RUSH: In the LA Times today, how predictable is this? How often have we seen this? The LA Times has a story which purports to be written from the opinion-free middle. It’s a piece of consternation and hand-wringing over the wide gap between the mainstream media and conservative media and their audiences. They’re practically crying in frustration over this division. And the focus of the story is the Susan Rice story.
The LA Times says on CNN and CBS and ABC what you have is the entire premise being ridiculed and CNN proudly refusing to even cover it and telling their viewers to ignore it. Whereas all over conservative media, the details of the story, Susan Rice lying about this, lying about that, requesting the unmasking of Trump transition and administration officials and how conservative media’s driving it, conservative media’s focused on it, their audiences love it.
I am cited as the leader of a massive audience, and they cite that on the left it’s not even a story, nobody’s even curious, it’s no big deal, nothing to see here. And the story says it’s just terrible. This is not good. And it boils down to the fact that we are not all working off the same set of facts. That has become the new word choice, the new sentence or philosophy to express the problem with the new or the alternative media.
You heard Ted Koppel in his CBS Sunday interview with Hannity and his whole report that conservative media is the problem, that we are bad for America, because we do not devote ourselves to facts. We have simply attracted an audience based on like-minded ideologies. We lead with our ideology, conservatism, and we ignore the facts. The left is nothing but fact oriented and fact serious. And we don’t.
And so their impression or their purpose here is to lament and pine away for the days when we were all dealing with the same set of facts. And what they really mean is, nothing new here. They pine for the days when they decided, not the facts, they decided what you were gonna know and what you weren’t gonna know and what you were gonna be told to think about what you were gonna be allowed to know.
They’re a monopoly. It’s amazing. They lost their monopoly, it will be 30 years ago in August, the beginning of the end of the news media monopoly. August 1st, 1988. You can trace it back to that date. So after almost 30 years they still haven’t come to grips with it. They do not know how to once again become dominant. And, by the way, this is why I believe the media has transmogrified, morphed into the leaders of the progressive agenda advancement, as opposed to Democrats.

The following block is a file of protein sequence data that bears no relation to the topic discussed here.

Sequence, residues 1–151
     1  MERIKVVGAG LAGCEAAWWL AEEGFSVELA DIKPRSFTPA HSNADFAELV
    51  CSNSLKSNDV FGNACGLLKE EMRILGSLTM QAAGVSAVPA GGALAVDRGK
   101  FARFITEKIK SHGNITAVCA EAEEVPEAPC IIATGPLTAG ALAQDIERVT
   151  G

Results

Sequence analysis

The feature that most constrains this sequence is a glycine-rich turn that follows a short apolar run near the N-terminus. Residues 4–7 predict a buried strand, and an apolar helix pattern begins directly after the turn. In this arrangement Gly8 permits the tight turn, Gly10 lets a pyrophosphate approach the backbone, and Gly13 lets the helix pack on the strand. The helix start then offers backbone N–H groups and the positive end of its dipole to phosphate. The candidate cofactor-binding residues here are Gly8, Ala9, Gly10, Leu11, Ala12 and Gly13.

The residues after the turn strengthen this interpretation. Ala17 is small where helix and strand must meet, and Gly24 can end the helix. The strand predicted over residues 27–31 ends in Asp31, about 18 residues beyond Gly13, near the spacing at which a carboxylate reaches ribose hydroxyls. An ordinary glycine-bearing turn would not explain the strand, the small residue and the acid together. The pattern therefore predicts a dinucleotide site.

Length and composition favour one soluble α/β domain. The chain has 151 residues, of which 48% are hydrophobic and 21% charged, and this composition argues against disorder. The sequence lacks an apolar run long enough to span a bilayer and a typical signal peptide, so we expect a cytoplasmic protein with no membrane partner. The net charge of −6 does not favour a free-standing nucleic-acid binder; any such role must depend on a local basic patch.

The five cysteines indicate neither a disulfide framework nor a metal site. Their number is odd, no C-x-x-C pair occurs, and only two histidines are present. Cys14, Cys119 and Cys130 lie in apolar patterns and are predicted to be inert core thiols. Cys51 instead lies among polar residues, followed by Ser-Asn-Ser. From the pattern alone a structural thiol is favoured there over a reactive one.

The Democrats have always had a partisan enemy, the Republicans. They’ve always in the world of politics had a partisan opposition. The media has only has had that in the last 30 years. As such, the media has in the last 30 years weaponized what they do by attempting to marginalize, destroy, impugn anybody, particularly in media and the Republican Party who doesn’t agree with their view of things.
But as I said last week, there’s no desire to find any mutual common ground, because there isn’t any, so it’s senseless to seek compromise with them or reach across the aisle, show that we can compromise and govern together. In fact, that’s all a bunch of garbage. But it’s yet just another story in how so horribly wrong things have gone since we can’t all be working off the same facts, and it’s not facts. It’s version. They are still upset they no longer get to define for everybody the daily script that is the daily media soap opera.
So they find themselves in this hypercompetitive circumstance. And when they can’t win, when they can’t put us away — in fact, when our legions continue to grow, when the numbers of people doing alternative media, slash, conservative media continue to grow, it’s a constant sign and reminder of what they’ve lost and what they can’t get back. So periodically we get these stories lamenting the old days, like Ted Koppel’s and like this in the LA Times today.